Do I need to have a DVLA medical in order to get my driving licence after being disqualified for drink driving?
Only those classed as ‘high risk offenders’ will need to take and pass a DVLA medical before a driving licence will be issued to them after their disqualification has ended.
You will be classed as a high risk offender if:
- You have been disqualified by order of a court for having a proportion of alcohol in your body that equalled or exceeded:
- 87.5 microgrammes per 100 millilitres of breath, or
- 200 milligrammes per 100 millilitres of blood, or
- 267.5 milligrammes per 100 millilitres of urine; or
- You have been disqualified by order of a court for failing, without reasonable excuse, to provide a breath, blood or urine sample when required to do so; or
- You have been disqualified by order of a court for failing, without reasonable excuse, to give permission for a laboratory test to be carried out on a sample of blood that was taken when your were incapable of consenting; or
- You have been disqualified by order of a court on two or more occasions within a 10 year period under section 4 (driving or being in charge when under the influence of drink or drugs) or section 5 (driving or being in charge with alcohol concentration above the legal limit) of the Road Traffic Act 1988.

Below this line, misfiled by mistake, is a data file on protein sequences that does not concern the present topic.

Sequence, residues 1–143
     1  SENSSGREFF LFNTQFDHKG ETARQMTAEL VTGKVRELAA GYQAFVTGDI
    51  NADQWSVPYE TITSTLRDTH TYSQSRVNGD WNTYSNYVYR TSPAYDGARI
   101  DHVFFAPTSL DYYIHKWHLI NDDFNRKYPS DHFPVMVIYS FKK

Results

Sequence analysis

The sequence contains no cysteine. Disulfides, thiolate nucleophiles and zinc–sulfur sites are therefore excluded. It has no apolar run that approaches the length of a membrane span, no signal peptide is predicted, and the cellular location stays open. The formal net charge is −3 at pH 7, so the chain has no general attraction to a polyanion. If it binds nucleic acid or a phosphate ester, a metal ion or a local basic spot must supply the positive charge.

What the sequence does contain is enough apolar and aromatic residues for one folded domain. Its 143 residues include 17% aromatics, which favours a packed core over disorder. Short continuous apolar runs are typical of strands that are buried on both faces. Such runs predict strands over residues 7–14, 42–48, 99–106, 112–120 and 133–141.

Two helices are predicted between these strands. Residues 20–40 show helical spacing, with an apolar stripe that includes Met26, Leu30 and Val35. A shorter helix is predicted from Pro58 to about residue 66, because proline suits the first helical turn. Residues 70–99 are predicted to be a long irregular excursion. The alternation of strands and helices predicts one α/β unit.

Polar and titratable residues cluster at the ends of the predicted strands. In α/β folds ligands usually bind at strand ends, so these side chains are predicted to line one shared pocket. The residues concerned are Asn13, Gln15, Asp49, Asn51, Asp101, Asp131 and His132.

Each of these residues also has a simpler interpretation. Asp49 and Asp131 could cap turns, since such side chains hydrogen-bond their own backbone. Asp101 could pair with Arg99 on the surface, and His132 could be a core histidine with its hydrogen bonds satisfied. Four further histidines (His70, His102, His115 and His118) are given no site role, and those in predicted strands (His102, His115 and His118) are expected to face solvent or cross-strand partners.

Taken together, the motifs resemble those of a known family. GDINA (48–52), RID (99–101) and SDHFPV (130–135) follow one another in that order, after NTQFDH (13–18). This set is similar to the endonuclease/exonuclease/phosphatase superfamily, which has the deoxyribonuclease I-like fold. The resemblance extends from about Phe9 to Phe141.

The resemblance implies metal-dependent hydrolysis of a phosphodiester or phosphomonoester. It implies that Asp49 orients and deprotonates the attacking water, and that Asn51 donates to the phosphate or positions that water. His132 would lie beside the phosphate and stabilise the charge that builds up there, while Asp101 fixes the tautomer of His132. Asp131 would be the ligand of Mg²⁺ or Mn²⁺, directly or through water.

Sentencing courts do not automatically inform someone that they are a high risk offender. The DVLA should notify you in writing, after your court case, that you are classed as a high risk offender.
Those classed as high risk offenders can submit their application for a new driving licence up to 90 days before their disqualification is due to end.
You can find out the date your disqualification ends by viewing your driving record online.
It is recommended that driving licence applications are submitted as soon as possible due to the length of time the DVLA medical process can take.